Five Little IndiansMichelle GoodFictional stories of residential school survivors written by a native woman; available as an e-book from Mississauga Library
Indian in Cabinet – Speaking Truth to PowerJody Wilson-RaybouldInteresting story about growing us as an Indigenous Canadian, serving as a Native leader in B.C. and her role with portfolios in the Trudeau 2015 govt.
They Called Me Number OneBev SellarsBiography of a residential school survivor; number one refers to how she was addressed at the school; available as an e-book from Mississauga Library
In My Own MoccasinsHelen KnottBiography of a residential survivor; battles the typical demons common to survivors; available as an e-book from Mississauga Library
FirewaterHarold JohnsonAlcohol and the Indian written by a Native man who experienced both excess and abstinence; available as an e-book from Mississauga Library
All Our Relations Tanya TalagaThe experience of aboriginal peoples after the arrival of Europeans; included are natives of North America, Brazil, Australia and Scandinavia; available as an e-book from Mississauga Library
The Survivors SpeakT & R CommissionPublished by the Truth and Reconciliation Commission and available from their website; the title explains it all
Canadian Geographic Atlas of Indigenous Peoples 3 part series

Goodminds.com

canadiangeographic.ca

Indigo, Amazon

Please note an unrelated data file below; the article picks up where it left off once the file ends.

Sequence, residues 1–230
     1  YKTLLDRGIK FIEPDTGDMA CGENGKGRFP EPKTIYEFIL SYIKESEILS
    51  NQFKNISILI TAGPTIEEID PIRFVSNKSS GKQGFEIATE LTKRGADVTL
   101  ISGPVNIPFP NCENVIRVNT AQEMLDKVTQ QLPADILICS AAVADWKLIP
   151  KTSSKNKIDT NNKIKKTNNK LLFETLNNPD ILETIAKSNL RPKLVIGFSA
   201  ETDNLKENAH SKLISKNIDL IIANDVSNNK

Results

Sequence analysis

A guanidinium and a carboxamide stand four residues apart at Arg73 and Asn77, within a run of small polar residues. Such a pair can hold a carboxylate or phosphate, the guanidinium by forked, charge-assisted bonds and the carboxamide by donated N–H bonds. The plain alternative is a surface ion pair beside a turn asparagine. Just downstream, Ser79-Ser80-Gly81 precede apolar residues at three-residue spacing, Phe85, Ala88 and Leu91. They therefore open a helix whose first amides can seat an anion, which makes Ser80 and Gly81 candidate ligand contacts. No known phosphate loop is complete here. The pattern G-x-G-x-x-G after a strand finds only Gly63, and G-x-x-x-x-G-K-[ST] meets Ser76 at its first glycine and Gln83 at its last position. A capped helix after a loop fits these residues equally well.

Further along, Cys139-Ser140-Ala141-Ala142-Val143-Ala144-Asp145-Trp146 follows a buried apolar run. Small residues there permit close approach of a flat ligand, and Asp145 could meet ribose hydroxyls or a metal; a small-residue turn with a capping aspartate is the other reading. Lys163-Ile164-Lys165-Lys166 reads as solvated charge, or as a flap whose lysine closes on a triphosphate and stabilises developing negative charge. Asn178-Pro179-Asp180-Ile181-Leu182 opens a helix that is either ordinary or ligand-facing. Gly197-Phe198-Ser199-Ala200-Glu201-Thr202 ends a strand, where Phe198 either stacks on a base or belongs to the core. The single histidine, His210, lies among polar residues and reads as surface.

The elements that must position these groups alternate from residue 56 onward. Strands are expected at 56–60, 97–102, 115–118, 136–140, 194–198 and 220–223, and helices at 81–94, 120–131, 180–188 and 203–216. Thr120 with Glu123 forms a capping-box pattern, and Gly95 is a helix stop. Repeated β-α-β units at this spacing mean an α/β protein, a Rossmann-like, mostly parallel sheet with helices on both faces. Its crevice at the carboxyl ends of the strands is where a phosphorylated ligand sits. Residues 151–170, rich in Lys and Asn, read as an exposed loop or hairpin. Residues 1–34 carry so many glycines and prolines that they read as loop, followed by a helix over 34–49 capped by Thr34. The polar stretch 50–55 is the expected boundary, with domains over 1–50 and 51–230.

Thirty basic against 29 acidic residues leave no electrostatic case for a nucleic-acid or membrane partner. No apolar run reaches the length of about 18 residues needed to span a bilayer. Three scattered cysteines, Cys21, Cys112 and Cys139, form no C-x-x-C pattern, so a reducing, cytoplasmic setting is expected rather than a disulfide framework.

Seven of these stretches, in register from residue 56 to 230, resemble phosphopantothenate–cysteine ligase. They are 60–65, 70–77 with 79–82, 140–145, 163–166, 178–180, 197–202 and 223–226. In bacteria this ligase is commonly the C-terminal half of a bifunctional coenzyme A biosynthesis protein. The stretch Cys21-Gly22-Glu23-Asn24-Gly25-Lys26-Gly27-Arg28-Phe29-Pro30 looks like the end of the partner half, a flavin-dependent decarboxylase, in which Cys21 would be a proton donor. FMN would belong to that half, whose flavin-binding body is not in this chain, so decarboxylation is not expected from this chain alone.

Forward by Ry Moran

First Nations, Indigenous, Metis – available at Indigo and Amazon – history***

 

Books and Online Resources for Youth

Rossland Public Library Indigenous Book Titles List

Vancouver Public Library Indigenous Book Titles List

Strong Nations: contact@strongnations.com 

 

Search online for the following to gain access to many different sites/links, titles:

  1. Canadian Aboriginal Books for Schools
  2. Indigenous Youth Book Titles

 

TitleAuthorAge/GradeComments
Seven Fallen FeathersTanya TalagaMissing Indigenous youth in Thunder Bay and “investigations”

 

Books and Online Resources for Children

Rossland Public Library Indigenous Book Titles List

Vancouver Public Library Indigenous Book Titles List

Strong Nations: contact@strongnations.com 

 

Search online for the following to gain access to many different sites/links, titles:

  1. Indigenous Books for Toddlers
  2. Indigenous Books for Preschoolers
  3. Indigenous Children Picture Books
  4. Canadian Aboriginal Books for Schools

 

TitleAuthorAge/GradeComments
Stolen WordsM. Florence6-9A little girl helps her grandfather find his language (Cree) again
When We Were AloneDavid A. Robertson6-8A little girl notices things about her grandmother and asks questions in which her grandmother shares her experiences
With Our Orange HeartsPhyllis Webstad3-5Listening is a first step towards reconciliation
The Honour DrumCheryl Bear & Tim Huff0-12Introduces children to the First Nations, Inuit and Métis living in Canada
The Eagle FeatherDakelh CarrierGr. 4-10story about respecting those that live life with integrity
Phyllis’ Orange ShirtPhyllis Webstad4-6True story and story behind Orange Shirt Day and the message, “Every Child Matters”
I am Not a Number

Jenny Kay Dupuis & 

Kathy Kacer